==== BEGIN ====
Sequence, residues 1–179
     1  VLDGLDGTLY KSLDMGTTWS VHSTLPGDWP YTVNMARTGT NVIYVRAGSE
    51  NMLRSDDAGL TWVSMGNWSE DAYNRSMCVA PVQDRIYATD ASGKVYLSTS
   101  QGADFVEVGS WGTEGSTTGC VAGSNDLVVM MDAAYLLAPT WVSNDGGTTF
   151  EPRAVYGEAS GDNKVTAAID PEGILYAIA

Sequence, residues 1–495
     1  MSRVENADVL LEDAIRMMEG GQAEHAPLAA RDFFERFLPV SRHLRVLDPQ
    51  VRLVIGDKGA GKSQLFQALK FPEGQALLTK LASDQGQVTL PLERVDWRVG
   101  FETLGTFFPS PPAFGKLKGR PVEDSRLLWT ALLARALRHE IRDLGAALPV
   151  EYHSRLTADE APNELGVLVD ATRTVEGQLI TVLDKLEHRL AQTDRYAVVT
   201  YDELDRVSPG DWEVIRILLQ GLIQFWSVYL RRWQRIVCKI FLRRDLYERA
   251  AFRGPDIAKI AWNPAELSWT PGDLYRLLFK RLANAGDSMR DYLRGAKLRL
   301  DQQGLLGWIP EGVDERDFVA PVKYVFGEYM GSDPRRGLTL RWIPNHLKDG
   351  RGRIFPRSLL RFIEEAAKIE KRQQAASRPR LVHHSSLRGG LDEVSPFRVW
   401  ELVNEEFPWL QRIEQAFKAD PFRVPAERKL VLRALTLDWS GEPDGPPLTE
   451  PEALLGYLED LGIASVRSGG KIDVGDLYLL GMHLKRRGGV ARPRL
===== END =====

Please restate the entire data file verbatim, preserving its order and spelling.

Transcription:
Sequence, residues 1–179
     1  VLDGLDGTLY KSLDMGTTWS VHSTLPGDWP YTVNMARTGT NVIYVRAGSE
    51  NMLRSDDAGL TWVSMGNWSE DAYNRSMCVA PVQDRIYATD ASGKVYLSTS
   101  QGADFVEVGS WGTEGSTTGC VAGSNDLVVM MDAAYLLAPT WVSNDGGTTF
   151  EPRAVYGEAS GDNKVTAAID PEGILYAIA

Sequence, residues 1–495
     1  MSRVENADVL LEDAIRMMEG GQAEHAPLAA RDFFERFLPV SRHLRVLDPQ
    51  VRLVIGDKGA GKSQLFQALK FPEGQALLTK LASDQGQVTL PLERVDWRVG
   101  FETLGTFFPS PPAFGKLKGR PVEDSRLLWT ALLARALRHE IRDLGAALPV
   151  EYHSRLTADE APNELGVLVD ATRTVEGQLI TVLDKLEHRL AQTDRYAVVT
   201  YDELDRVSPG DWEVIRILLQ GLIQFWSVYL RRWQRIVCKI FLRRDLYERA
   251  AFRGPDIAKI AWNPAELSWT PGDLYRLLFK RLANAGDSMR DYLRGAKLRL
   301  DQQGLLGWIP EGVDERDFVA PVKYVFGEYM GSDPRRGLTL RWIPNHLKDG
   351  RGRIFPRSLL RFIEEAAKIE KRQQAASRPR LVHHSSLRGG LDEVSPFRVW
   401  ELVNEEFPWL QRIEQAFKAD PFRVPAERKL VLRALTLDWS GEPDGPPLTE
   451  PEALLGYLED LGIASVRSGG KIDVGDLYLL GMHLKRRGGV ARPRL